Citing pollution, CM announces ban on sale and use of firecrackers in Delhi

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Prior to Diwali, the Delhi government imposed a complete ban on the storage, sale and use of all types of firecrackers with immediate effect.

Chief Minister Arvind Kejriwal said the decision was made after reviewing pollution levels in Delhi during the festival for the past three years.

The Prime Minister also called on traders to avoid stocking up on firecrackers. Environment Minister Gopal Rai said the National Green Tribunal had called for a complete ban on the use of firecrackers during the pandemic anywhere air quality levels fall into the “poor” category.

Kejriwal tweeted that the ban was imposed late last year, resulting in losses for traders.

Last year, the government imposed a blanket ban on firecrackers, including those considered “green”, between November 7 and November 30, when air quality began to deteriorate.

NGT also banned firecrackers last year from November 9 to 30 in the National Capital Region and in all places where the average air quality in November had fallen below the “poor” category.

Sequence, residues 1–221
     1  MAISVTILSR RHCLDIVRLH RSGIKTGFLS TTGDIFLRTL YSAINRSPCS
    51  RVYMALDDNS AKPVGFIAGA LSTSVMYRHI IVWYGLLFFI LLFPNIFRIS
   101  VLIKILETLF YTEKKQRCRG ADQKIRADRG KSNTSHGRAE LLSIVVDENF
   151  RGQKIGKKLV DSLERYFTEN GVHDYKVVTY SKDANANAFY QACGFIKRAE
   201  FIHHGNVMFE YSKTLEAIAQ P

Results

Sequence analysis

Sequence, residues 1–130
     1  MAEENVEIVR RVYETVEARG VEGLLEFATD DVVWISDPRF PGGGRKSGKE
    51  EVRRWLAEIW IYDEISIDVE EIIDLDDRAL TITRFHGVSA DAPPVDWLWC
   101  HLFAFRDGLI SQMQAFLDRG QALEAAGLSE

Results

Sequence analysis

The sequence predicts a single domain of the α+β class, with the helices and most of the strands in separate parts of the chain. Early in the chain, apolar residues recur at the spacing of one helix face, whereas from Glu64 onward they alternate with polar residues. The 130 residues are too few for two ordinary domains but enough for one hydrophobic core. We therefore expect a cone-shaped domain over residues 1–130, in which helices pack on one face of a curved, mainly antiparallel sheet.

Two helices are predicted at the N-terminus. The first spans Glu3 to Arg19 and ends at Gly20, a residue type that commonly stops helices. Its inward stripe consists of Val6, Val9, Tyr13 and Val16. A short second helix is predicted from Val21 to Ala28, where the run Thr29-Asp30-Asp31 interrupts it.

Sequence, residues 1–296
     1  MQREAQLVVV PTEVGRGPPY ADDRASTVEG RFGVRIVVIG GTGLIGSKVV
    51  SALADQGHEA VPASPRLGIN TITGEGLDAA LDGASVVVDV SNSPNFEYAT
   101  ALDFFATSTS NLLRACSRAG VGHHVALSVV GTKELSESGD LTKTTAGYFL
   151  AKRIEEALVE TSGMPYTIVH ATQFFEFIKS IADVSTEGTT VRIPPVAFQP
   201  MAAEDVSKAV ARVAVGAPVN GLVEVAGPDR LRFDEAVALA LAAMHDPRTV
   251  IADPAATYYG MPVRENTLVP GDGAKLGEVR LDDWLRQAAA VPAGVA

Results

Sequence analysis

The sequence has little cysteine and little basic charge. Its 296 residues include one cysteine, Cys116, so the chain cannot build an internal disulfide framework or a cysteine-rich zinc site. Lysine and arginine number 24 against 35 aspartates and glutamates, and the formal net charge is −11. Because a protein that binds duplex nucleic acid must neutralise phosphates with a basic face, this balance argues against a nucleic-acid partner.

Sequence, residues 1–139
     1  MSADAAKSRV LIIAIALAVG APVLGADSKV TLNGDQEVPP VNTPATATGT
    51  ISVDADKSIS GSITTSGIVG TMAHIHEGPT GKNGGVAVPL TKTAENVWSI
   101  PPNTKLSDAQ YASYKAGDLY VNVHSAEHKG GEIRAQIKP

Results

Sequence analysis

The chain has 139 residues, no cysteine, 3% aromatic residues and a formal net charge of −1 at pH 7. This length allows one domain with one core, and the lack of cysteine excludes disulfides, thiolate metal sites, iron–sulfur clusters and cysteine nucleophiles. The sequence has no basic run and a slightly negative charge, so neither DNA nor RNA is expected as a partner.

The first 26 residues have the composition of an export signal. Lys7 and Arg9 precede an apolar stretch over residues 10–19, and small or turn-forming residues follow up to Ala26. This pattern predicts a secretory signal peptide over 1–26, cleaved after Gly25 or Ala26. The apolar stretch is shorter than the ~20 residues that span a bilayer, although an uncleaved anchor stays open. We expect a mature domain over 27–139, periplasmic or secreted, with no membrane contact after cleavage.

Although the announcement came earlier than last year, the blanket ban has still angered some store owners. Amit Jain, owner of a firecracker store near Jama Masjid, said he didn’t know what to do with the backlog. Jain has a permanent firecracker store, unlike a few traders who apply for temporary licenses before Diwali. He had last year’s stock displayed outside his shop Wednesday night.

“We hadn’t placed any new orders this year since last year’s ‘green’ crackers had piled up. I hope to wrap it up and see if the sale somewhere outside of Delhi is possible, ”he said. The firecrackers come from Sivakasi.

Jain had also hired 15 people to manage the stock for the Diwali season. They will now be asked to return to their hometown, he said.

Ajay Mehandiratta, who opens a temporary firecracker store at Sadar Bazar every year about 15 days before Diwali, said he had already placed orders with Sivakasi.

“Delhi police are issuing temporary licenses for the sale of firecrackers, and a notice was published in newspapers last Friday stating that license applications would be accepted until September 16. We had also applied for a temporary license,” he said. he declared. Stock orders are usually placed around two months before Diwali, he said.

A trader at a permanent firecracker store in Paharganj, who asked not to be identified, said the shelves were still stocked with last year’s stock. The cans are stamped with a sign indicating they are “green” – firecrackers developed by the Council for Scientific and Industrial Research, which are said to generate fewer particles than regular cans.


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